Issue Four

Welcome to Issue Four of LossLit Magazine.



The story of how he got into prison was complicated, but Kerry would always blame the X-Factor. A kid had been shot outside the Southern Cemetery. Nothing to do with Kerry Withell, but when this lad wasn’t running coke he was a budding vocalist, and had got to the X-Factor semis with a cover of Brian Wilson’s ‘Wouldn’t It Be Nice’. This meant that the shooting generated more media interest than might otherwise have been the case.

By Max Dunbar


Eleven giant daisies lie neatly on the lawn, each one perfect. Collateral damage. I accidently cut the stalks that held them when trying to chop out the ones that had died. I am careless today.

It must be the tiredness. They ‘made you comfortable’. You are ‘at rest now’. I am uncomfortable and restless and cannot sleep.

Or maybe it is the term deadheading that is making me clumsy. I keep tripping over the word dead. The sound of it jangles in my brain, like keys for a house you can no longer visit.

By Sadie Nott


As the water drains, the sink’s last rasp
sounds like my father, clearing his throat.
Even when he’s away, I still hear him
in the bowels of this house.

By Hazem Tagiuri


sometime later – March? – slush splashing hem of pant, not good pants, sneakers already soaked, sun shining slant or obscured, morrow coming soon, cold above or below freezing remitting unremitting, gloved hand holding top of coat closed, knee aching in anticipation, wind rising falling steady unsteady, no chestnuts here, not much jostling, just enough, throat dry not sore, stomach less said, head even less said, nose running, I wiped it with my scarf, alone or nearly alone again, in the midst of, uncertain feeling, why not just leave, prelude to

By Clyde Liffey

Exit Vania

A once reasonably successful ice hockey player and a highly respected tradesman for most of his life, Vania realised one morning that neither had earned him nearly as much praise as the way he coped with his imminent death.

By Myriam Frey


Every night she dreams of those other nights: sheets all crisp and starched, like at her gran’s or in a B&B on those family holidays; or the peony-decorated sheets in her own bed – all rumpled and disturbed by the sliding, pert buttocks of lovers. But that was before. A bed: frame, mattress, and collection of assorted coverings for duvet and pillows. A bed: a place to rest a weary body – bones and muscles relaxing, unfurling into the cotton; to lay the weather-beaten, leaden weight of her skull there – just for a moment – and to feel that sensation of falling into the feathery softness. A bed: that would be heaven.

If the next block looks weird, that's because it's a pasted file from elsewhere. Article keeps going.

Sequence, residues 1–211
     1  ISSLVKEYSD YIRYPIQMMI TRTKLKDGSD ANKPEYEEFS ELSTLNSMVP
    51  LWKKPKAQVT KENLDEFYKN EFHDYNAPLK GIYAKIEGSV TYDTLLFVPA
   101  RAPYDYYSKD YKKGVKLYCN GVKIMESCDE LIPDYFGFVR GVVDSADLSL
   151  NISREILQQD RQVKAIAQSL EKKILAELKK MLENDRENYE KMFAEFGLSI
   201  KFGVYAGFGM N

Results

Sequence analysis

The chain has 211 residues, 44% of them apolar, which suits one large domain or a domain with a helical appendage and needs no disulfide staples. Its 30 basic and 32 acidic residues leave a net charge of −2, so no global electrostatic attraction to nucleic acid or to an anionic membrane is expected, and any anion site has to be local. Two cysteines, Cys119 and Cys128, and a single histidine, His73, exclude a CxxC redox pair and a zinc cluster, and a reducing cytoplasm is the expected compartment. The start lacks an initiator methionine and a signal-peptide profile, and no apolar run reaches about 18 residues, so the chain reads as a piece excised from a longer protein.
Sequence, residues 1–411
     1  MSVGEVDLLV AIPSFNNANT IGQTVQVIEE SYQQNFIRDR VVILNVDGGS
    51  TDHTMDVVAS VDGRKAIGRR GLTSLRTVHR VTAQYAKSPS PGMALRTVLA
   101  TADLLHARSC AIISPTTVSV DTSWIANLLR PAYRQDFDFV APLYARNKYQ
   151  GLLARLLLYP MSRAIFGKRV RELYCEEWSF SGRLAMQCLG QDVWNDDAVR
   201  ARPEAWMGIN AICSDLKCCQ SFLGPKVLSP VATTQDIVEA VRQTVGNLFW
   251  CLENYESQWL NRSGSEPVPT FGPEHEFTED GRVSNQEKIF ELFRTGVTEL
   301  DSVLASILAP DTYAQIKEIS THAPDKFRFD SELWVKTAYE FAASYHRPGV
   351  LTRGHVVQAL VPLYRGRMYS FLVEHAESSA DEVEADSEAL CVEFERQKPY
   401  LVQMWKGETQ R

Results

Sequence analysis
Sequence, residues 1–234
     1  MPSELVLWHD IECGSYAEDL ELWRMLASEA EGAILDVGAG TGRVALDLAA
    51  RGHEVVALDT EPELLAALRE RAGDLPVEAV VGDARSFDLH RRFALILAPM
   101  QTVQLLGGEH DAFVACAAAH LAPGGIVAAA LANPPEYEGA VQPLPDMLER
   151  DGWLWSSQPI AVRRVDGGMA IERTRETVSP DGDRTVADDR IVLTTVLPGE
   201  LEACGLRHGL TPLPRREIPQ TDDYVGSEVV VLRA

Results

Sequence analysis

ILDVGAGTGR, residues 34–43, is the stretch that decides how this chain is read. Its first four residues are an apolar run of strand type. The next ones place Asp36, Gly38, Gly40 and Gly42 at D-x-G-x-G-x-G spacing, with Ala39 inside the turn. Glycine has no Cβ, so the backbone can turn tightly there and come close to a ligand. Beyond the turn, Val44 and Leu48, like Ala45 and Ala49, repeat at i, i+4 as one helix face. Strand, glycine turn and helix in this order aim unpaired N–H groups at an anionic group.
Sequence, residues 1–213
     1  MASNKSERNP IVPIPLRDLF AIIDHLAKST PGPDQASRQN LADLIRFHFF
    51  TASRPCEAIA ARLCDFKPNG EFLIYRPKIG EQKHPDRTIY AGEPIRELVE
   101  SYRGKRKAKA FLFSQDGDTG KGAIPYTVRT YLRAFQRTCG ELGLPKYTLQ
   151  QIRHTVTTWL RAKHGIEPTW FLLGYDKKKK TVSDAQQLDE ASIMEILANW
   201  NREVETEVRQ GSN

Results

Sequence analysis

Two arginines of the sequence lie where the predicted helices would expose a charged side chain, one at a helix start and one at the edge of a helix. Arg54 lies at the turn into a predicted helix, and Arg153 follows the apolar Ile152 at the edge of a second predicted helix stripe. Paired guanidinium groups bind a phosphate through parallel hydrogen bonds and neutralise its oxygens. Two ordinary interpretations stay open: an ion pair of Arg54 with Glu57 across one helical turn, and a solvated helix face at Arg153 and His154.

By Jane Roberts


You used to dream of houses, of being lost inside, in endless corridors tangled into mazes. The walls were crooked and went every which way and there were all these old photographs jumbled in every hallway.

By Lorette C. Luzajic

Awshukh; Disease

Awshukh in Bengali, my mother tongue,
is opposite (aw) of shukh (contentment);
being ill is Awshukh. Dis-ease seems
similar, but you don’t catch Awshukh,
it catches you till ontologically
discontent, you are fevered, in bed.

By Dipika Mukherjee


The light was so bright that the birds thought it was sunrise and began to sing. There was ash in the air and a small girl called Kristie stood on the grass and watched as the house burned.

Neighbours had run from their front doors and watched. Two men held the small girl’s mother. One stood behind her holding her hips, the other to her side, pulling her arms as she tried to twist away and run towards the house. After a few minutes she began to scream and her legs bent beneath her as she fell to the floor. Both men thought of just-born baby cows stumbling on shaking legs and for a second they looked away as she lay on the grass. The flames were high above the house now and the sky was orange. The birds were right, it looked like sunrise.

By Hannah Stevens

Footprints in the Snow

I sold the Bechstein for a third of what it was worth. Some might say I was ripped off, but it was no loss for me. I burned his letters along with all his sheet music the day the men from Mozart’s Wine Bar took away the piano.

By Louise Mangos

Changing Rooms

Unable to be still and live,  

I emptied rooms, scoured  

and sanded, repainted walls,   

laid floors, changed gravity  

with new objects. Nothing’s  

left that was familiar; you   

would not feel welcome here.


By Ian Dudley


crow-light heaton and daemon-yu squatting t.v. aerial opposite, summon(s)ing.  life-long republicans, we loathe streets called after king, such un-earned naming turn us berserker.  ugly-love calls us station, ends platform two, northbound outta newcastle.  that glint yr eye, pale-lights still.  awaiting our edinburgh change, yu delight over pastie scraps.  at perths platform seven, change again for highlands, and yu crap over pitted stone ov no roof.  pick us up again outside inverness, in easy pace, all along heron-hunched beauly firth.  

By Sean Burn